Progressive Group Recruits 2020 Primary Challenger To Conservative Texas Democrat

Jessica Cisneros, a human rights attorney, hopes to unseat Rep. Henry Cuellar.
Rep. Henry Cuellar (D-Texas) speaks after a bipartisan meeting with President Donald Trump in Sept. 2017. His record of cooperating with the president is a sore point for the left.
Rep. Henry Cuellar (D-Texas) speaks after a bipartisan meeting with President Donald Trump in Sept. 2017. His record of cooperating with the president is a sore point for the left.

Jessica Cisneros, a human rights and immigration attorney from Laredo, Texas, announced Thursday that she is taking on Rep. Henry Cuellar, a seven-term Democrat who represents Texas’ 28th Congressional District, in the 2020 election.

In her announcement video, Cisneros, 26, took aim at Cuellar’s conservative legislative record, noting that he cast votes to punish so-called sanctuary cities and prevent federal funding of abortion. In the last Congress, Cuellar, 63, voted with President Donald Trump nearly 70% of the time.

“He’s Trump’s favorite Democrat,” Cisneros says in the video.

“Our economy and our immigration systems are broken. And while the president fans the flames of hate and bigotry, his cruel anti-immigrant policies are pitting Texans against each other,” she says in the two-minute spot. “These policies don’t represent the values of south Texans, and the politicians who defend these policies don’t represent us.”

Cisneros, the daughter of Mexican immigrants, was recruited to run by Justice Democrats, the left-wing group behind Alexandria Ocasio-Cortez’s primary upset in New York in 2018. She is the group’s first candidate of the 2020 election cycle.

Cisneros “represents the voices we so desperately need in Congress right now ― millennial, working-class, Latina, first-generation immigrant, and dedicating her life to giving back to her community,” said Justice Democrats executive director Alexandra Rojas. “Our grassroots progressive movement has an opportunity to build a more accountable Democratic Party by unseating one of the worst amid our ranks and ushering in a new generation of leaders.”

In keeping with Justice Democrats’ progressive critieria, Cisneros is running on a platform of support for immigration reform, Medicare for All, the Green New Deal and tuition-free public college. Unlike Cuellar, she has vowed not to accept corporate PAC money.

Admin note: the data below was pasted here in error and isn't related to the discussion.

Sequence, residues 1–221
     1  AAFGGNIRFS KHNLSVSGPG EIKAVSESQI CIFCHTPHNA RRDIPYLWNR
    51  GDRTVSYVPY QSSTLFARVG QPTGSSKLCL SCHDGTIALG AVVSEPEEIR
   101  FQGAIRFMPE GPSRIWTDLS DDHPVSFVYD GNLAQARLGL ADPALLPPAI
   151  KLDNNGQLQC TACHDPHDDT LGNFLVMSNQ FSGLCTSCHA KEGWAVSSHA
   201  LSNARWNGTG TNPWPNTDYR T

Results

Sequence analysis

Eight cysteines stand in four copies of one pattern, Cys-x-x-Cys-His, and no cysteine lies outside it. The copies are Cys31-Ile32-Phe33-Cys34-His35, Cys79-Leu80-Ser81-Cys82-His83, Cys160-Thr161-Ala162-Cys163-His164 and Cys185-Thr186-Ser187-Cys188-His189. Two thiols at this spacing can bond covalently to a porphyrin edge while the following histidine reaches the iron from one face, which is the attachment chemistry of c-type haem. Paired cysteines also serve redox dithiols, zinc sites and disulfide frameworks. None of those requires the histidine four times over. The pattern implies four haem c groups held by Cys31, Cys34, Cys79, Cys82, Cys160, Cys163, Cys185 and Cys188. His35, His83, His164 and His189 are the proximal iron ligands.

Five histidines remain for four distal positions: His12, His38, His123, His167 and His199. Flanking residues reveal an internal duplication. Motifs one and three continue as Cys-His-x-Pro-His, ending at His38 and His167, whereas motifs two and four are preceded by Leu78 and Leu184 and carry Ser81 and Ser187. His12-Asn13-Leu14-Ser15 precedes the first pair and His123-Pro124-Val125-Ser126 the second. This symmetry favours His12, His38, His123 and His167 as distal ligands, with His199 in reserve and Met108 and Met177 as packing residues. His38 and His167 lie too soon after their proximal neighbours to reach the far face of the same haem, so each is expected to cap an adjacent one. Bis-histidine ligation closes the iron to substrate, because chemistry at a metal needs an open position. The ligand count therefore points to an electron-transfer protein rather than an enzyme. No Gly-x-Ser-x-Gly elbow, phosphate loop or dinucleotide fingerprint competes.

Justice Democrats, founded by alumni of Vermont Sen. Bernie Sanders’ 2016 presidential run, revealed in January that Cuellar, a member of the centrist Blue Dog Coalition, would be the group’s first target for a primary challenge. The group put out a casting call and created a fund that could serve as a booster kit for anyone who answered the appeal.

In addition to more conservative votes on abortion and immigration policy, Cuellar has an “A” rating from the National Rifle Association and raises less than 1% of his campaign cash from small donors. He sparked the ire of some Democratic activists in Texas when he raised money for Republican Rep. John Carter, who was facing a spirited Democratic challenge in 2018.

Cuellar is an alluring adversary for left-leaning Democrats, because he represents a safe Democratic seat. Trump received just 38.5% of the vote in the district in 2016.

As a result, the Democratic establishment will have a hard time arguing that a challenge against him jeopardizes the party’s fortunes in the general election.

After a 2018 cycle with a handful of high-profile wins and many more difficult losses, Justice Democrats announced in November that it would be focusing exclusively on primary challenges in safe Democratic seats.

Texas’ 28th District, a gerrymandered patch of land that runs from East of San Antonio down to the border with Mexico, tests the ability of insurgent left to reach voters outside of its bailiwick. In recent years, anti-establishment Democratic candidates have had more success among largely white, middle-class liberals. Texas’ 28th is older, impoverished and overwhelmingly Latino.

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